|St. Nicholas Church|
326 5th St
Juneau, AK 99801
Diocese of Alaska
Sitka / Southeast Deanery
Rev. Michael Boyle
PO Box 697
Sitka, AK 99835
Rev. Dn. Paul Erickson
4507 Wood Duck Ave
Juneau, AK 99801
|Ecclesiatical Calendar:||New Calendar (Revised Julian)|
Schedule of Services
6:00 PM Great Vespers and Matins followed by Confessions.
9:45 AM Hours; 10:00 AM Divine Liturgy followed Fellowship Hour. (During the Summer, Hours are at 8:45 AM and Divine Liturgy at 9:00 AM)
6:00 PM Akathist.
Please call 907-586-1023 for schedules of Feast Day and Lenten services, or to arrange for other services.
Although this unique, octagonal building was constructed with funds donated from Russia, and the six large panels in the front were painted in Russia, there were never any Russians in Juneau, and this has been a Native Alaskan, mostly Tlingit Indian parish since its founding in 1893.
It was the Tlingit leaders in the Juneau area who took the initiative, inviting the Orthodox bishop to visit them, instruct, and baptize them about one hundred years ago. After the founding of Juneau as a gold rush town, American missionaries introduced Protestant Christianity in the region, but, following the government policies of that times, refused to allow the use of Tlingit language in the services or schools. Since the Tlingit were still the great majority of the population in the territory, they saw no reason to adopt the new, “foreign” language and customs of the newcomers, and asked to be received into the Eastern Orthodox Church, knowing that this religion had been used in the Tlingit language for fifty or more years at Sitka. The icon screen and other icons in the church tell the story.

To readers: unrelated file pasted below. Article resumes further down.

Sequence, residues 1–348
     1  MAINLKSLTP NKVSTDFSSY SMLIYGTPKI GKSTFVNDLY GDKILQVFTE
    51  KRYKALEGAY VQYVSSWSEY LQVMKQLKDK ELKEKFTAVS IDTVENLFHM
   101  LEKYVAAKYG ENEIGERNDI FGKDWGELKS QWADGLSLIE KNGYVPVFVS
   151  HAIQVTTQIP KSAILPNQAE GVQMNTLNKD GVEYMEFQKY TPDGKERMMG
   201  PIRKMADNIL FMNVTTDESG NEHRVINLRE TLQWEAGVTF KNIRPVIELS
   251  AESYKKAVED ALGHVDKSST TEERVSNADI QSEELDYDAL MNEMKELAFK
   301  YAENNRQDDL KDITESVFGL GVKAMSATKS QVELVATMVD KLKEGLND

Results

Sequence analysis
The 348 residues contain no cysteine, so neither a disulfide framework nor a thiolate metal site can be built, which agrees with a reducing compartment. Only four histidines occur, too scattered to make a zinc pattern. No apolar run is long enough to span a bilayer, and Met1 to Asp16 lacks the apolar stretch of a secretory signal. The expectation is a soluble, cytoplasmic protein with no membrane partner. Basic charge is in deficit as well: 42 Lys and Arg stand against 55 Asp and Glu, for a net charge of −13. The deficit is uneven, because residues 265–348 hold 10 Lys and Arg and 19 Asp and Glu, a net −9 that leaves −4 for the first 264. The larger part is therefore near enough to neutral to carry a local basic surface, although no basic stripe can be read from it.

St Nicholas Church was completed in 1894 and was named for St Nicholas of Myra in Lycia, a city in what is now western Turkey. While considering being baptized, several Tlingit leaders had a dream in which a short, bald, white-bearded man appeared to them and told them to go to Sitka and be instructed. When they met the Orthodox bishop there, they also saw in the church an icon of St Nicholas, a fourth century bishop, whom they all recognized as the man in their dream. They named their new church for him, and his icon is on the far right of the icon screen.
Our parish today consists of about 50 Orthodox families in the Juneau area and more in the villages surrounding Juneau. In recent years the parish has begun to grow and in 1997 had Church School and Youth Group for the first time in over thirty years. Under the spiritual guidance of our clergy, council, lay leadership, the faithful of St Nicholas’ community look forward to another 100 years serving our Lord and Savior Jesus Christ.